This questionnaire was administered on 1/10/15 between the hours of 3-5pm and as a random sample should not be regarded as definitive. Speaking to people within the museum itself allowed me to understand my target audience better. Other surveys will undoubtedly refine the figures, but as an initial exercise this proved useful. Some conclusions are below.

56% of the visitors were over fifty years old, which suggests that while fulfilling a useful function as entertainment and education for the older generation, there is an opportunity to target younger visitors. There were slightly more men than women. Various methods of modernisation might be explored as to how to promote more youthful interest [see later.]

It was the first visit for half the visitors, which suggests that the museum has captured interest enough to encourage revisits. Of the remaining half, however, the majority were not inspired enough to want to revisit. 20% of the visits were impromptu. [See later.] Once again, the younger element needs targeting.

Only 16% of the visitors spent more than an hour at the venue. This was useful as an indication of what may be targeted for improvement. While the Heritage in St Petersburg and the Louvre in Paris are so well stocked with material it is not possible for it all to be displayed at any one time, the Maritime Museum is limited in the amount it can offer.
Suggestions submitted by the survey participants addressing this included a reconsideration of the layout and the addition of more “hands-on” features. Other suggested enhancements included the devising of a set route to slow down the visitors and encourage a more immersive experience, addition of olfactory and aural elements, video features, guides and information officers (“talks and discussions from professionals”) and the use of other languages. It was encouraging that many of these issues would be positively addressed by the use of iPad, Facebook or other media involvement, and that 80% of the participants would be prepared to be involved in some measure. It may be advantageous to consider different routes round the museum, targeting different features of maritime life; this could encourage revisiting.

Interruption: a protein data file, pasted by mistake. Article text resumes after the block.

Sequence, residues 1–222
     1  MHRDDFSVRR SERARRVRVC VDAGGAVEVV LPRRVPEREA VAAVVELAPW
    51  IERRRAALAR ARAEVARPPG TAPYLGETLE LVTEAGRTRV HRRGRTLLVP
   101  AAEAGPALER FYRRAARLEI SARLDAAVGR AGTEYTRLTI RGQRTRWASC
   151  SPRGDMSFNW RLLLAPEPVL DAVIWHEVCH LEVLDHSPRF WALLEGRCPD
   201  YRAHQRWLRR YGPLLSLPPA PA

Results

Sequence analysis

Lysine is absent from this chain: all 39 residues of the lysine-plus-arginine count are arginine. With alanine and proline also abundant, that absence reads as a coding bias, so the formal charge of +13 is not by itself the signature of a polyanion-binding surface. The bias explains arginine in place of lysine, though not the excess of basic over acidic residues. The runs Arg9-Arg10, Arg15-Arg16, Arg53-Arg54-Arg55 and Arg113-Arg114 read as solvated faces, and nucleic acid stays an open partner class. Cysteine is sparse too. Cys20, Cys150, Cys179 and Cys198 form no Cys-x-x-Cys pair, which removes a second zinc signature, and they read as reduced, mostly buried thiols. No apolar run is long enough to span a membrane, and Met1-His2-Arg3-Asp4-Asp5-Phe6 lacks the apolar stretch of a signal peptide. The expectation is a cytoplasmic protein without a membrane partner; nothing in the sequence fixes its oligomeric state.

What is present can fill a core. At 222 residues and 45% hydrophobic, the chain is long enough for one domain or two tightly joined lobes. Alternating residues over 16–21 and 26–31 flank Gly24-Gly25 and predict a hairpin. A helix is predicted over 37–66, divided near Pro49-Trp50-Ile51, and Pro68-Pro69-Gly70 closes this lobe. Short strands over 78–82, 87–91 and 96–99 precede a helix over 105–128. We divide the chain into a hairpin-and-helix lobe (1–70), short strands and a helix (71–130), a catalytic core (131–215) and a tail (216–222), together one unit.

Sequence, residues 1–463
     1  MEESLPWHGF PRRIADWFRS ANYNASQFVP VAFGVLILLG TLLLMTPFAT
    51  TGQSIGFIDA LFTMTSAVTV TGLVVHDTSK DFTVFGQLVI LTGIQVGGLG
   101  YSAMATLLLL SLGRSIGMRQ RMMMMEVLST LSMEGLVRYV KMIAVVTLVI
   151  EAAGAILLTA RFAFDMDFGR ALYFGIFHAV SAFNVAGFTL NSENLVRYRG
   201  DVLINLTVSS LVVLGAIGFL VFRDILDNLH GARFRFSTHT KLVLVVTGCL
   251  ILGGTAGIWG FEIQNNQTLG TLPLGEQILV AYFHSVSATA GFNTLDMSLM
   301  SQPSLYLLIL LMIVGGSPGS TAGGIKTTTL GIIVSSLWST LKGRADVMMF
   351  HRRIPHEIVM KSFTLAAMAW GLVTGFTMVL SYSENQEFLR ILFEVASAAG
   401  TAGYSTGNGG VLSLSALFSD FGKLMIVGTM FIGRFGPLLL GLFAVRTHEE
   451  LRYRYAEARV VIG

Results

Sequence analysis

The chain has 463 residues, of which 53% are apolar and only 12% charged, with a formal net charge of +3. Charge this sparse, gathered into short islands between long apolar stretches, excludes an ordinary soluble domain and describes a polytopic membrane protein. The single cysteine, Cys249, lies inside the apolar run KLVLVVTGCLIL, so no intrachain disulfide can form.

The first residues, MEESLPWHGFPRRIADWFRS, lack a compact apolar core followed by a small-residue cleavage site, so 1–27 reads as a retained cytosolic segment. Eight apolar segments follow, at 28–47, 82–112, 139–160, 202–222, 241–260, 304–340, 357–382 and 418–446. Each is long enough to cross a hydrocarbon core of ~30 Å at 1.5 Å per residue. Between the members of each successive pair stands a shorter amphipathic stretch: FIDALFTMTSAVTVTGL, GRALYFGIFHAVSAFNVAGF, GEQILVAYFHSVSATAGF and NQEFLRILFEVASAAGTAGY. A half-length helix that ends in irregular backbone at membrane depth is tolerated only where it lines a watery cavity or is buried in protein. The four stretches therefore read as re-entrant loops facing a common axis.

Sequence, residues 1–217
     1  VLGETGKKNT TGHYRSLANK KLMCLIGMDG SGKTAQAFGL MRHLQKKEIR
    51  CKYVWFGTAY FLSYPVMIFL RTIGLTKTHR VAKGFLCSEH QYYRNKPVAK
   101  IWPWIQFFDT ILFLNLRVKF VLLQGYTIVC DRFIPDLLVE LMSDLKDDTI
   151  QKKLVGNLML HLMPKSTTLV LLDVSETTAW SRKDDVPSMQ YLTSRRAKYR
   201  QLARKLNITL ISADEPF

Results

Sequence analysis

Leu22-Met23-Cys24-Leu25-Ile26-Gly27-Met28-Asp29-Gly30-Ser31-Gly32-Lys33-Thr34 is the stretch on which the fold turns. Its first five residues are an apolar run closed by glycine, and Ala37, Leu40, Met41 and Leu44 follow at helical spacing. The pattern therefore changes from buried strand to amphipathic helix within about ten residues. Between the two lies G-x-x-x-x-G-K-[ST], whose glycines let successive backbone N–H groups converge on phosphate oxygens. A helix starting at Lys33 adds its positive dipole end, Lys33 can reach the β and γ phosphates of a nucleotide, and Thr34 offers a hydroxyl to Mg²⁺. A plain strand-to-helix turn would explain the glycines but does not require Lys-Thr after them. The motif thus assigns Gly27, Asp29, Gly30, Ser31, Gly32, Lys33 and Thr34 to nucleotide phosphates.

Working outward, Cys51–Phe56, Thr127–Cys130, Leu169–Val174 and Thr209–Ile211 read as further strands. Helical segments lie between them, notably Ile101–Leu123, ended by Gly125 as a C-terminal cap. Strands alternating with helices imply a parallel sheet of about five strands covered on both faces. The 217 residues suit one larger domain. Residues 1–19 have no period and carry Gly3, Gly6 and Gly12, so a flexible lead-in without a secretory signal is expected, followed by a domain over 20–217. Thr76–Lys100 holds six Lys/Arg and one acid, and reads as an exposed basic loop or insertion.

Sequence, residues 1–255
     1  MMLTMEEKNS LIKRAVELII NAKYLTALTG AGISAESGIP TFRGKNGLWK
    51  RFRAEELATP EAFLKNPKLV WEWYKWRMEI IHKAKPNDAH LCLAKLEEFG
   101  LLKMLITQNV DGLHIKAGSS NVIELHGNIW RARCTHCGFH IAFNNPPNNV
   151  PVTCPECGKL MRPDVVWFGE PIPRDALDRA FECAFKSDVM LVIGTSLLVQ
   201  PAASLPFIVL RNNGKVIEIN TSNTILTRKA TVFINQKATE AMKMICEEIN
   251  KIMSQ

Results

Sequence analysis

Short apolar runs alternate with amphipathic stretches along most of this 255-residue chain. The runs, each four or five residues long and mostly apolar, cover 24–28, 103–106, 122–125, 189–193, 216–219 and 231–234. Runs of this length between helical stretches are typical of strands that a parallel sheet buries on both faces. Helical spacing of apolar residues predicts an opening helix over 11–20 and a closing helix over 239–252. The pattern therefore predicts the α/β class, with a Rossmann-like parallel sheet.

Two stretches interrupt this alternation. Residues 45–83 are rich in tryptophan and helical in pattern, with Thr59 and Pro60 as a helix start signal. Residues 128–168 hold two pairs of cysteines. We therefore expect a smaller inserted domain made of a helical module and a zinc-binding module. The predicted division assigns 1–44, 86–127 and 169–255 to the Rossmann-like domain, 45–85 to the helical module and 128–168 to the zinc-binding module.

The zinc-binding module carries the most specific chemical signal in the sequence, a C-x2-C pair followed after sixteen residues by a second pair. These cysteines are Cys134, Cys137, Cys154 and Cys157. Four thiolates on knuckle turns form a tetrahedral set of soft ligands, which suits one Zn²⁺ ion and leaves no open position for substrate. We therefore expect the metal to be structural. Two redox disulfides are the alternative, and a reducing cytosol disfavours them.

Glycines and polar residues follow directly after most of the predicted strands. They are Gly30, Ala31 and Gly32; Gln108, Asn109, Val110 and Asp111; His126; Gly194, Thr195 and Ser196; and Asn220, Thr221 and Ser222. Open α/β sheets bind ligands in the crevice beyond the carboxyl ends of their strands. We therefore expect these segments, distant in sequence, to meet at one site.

It was felt by some visitors that regular changes to the exhibition might encourage repeat visits, and there was an indication that a cafe, possibly incorporating a lounge, would be an improvement.

Visiting might be improved by better advertising. This could not only be in terms of “Tourist Information” flyers available at targeted spots (other museums, The Deep, etc.) but on-site initiatives (possibly at set times, e.g. on the hour) such as screens attached to the outside of the building giving previews of the content inside, holographic projects of whales and ships
emerging from the floor outside the main entrance and/or a costumed nineteenth century sea captain standing outside performing, or as a photograph opportunity with children against a marketing backdrop for the museum [“Free photograph at the end of the tour.”] This might create much greater appeal, especially to the younger members of the public.


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